The violence, by today’s standard, is damn near cartoony. Listening to the filmmakers commentary, we hear that the violence was intentionally excessive and over the top. It added an element of humor, taking on a comic book feel. The cuts insisted by the MPAA actually made the violence more grim, and the reactions of the other characters even more so.
Beyond the surface, though, there is a plethora of social and political commentary. It’s never touched on directly, but it’s blazing blatant. The privatization of the military and police force, the designed redundancy in commercial manufacturing, the capitalistic tendency to create a product that will surely fail to make even more money on creating a solution to that failure. Take note, there’s a gun in the boardroom, and you feel no sense of surrealism about it’s presence. It makes sense. That’s where the power is, that’s where the big shots make the big deals, where they get away with the big white collar crimes.
Listening to Verhoeven speak of the character Dick Jones as sort of an anti-villain is interesting, in that he had no intention of commenting on white collar crime. He just wanted to cast someone who didn’t look like a typical criminal to play the part of the ultimate villain in the film. Directive 4 drives this criticism home – big corporation is in bed with the police (in this case, they created this cop) and they’re sure as hell not taking the heat, which is ominously parallel to today’s white collar crime. The crooks with connections get off easy, while the scum on the streets get hauled off, dead or alive.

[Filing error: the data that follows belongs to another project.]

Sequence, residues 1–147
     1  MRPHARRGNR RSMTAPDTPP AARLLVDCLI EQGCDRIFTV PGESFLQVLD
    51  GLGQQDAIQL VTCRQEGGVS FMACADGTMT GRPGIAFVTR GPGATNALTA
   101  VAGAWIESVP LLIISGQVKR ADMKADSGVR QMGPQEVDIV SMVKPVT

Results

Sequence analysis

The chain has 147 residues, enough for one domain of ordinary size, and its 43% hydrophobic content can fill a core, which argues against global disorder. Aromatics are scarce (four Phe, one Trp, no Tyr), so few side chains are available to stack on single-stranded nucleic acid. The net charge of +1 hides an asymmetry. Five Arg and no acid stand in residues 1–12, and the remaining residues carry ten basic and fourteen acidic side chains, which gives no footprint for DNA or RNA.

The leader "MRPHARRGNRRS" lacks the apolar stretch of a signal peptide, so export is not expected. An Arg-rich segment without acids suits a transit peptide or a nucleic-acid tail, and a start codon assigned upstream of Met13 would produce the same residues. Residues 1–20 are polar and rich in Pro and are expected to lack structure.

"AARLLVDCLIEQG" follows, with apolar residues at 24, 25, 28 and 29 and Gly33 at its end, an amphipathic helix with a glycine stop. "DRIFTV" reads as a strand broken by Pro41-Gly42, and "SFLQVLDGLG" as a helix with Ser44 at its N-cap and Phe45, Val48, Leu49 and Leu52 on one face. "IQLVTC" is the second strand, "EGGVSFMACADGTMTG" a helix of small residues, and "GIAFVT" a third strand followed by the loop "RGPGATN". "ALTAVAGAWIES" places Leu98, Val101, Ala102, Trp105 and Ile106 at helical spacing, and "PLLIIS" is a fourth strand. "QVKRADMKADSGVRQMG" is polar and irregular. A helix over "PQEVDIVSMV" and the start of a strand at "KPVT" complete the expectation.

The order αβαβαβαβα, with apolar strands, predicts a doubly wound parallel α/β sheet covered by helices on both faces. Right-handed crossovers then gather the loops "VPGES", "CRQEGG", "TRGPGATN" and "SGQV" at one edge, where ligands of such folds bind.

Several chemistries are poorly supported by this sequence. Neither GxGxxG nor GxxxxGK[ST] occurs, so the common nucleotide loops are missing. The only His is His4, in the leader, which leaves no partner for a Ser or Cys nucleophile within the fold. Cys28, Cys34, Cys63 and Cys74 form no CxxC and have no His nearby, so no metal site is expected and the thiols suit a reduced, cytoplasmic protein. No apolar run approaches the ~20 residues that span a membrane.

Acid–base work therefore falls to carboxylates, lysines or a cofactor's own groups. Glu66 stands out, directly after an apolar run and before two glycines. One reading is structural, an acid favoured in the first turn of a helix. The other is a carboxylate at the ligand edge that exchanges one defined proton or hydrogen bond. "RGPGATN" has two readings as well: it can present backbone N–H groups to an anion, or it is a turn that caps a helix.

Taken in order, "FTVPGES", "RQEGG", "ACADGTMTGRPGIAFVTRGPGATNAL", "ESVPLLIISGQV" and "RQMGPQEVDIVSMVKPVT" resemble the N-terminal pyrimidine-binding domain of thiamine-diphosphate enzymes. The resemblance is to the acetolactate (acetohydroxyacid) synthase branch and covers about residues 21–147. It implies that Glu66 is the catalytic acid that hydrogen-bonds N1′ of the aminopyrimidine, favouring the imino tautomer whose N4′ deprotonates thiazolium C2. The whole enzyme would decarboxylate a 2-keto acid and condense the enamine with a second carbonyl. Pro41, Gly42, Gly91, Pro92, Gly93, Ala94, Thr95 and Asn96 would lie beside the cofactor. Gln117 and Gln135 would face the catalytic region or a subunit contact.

This criticism being unintentional (perhaps big business wasn’t blatantly corrupt in the late 80’s, or perhaps the Netherlands-born director Verhoeven hadn’t experienced it, this being his first film in the United States), it presents an eerie foreshadow to the current state of affairs here in America, among other examples from the film. At one point, the hit man Clarence Boddicker presents a disc, a CD, and inserts it into an entertainment system in which it plays video. This was 1987, mind you, and DVD technology was still 10 years away. In the commentary track, the producers disclose they would have used a VHS, but felt it too old fashioned in the context of the film, and even had the idea of a floppy disc, but settled on the CD. Even this commentary track was recorded prior to the advent of DVD. So perhaps in both cases, this foreshadowing to the future is coincidental.
But all that aside, this film is just plain enjoyable, and damn fun to watch. It succeeds as a popcorn film, pure pulp entertainment. It succeeds as a sci-fi action film, with plenty of requisite social satire. In combing the two together, it creates a rare film hybrid, one demanding of repeat viewings – for pure enjoyment, and for intellectual stimulus.
And that’s something I’d definitely buy for a dollar.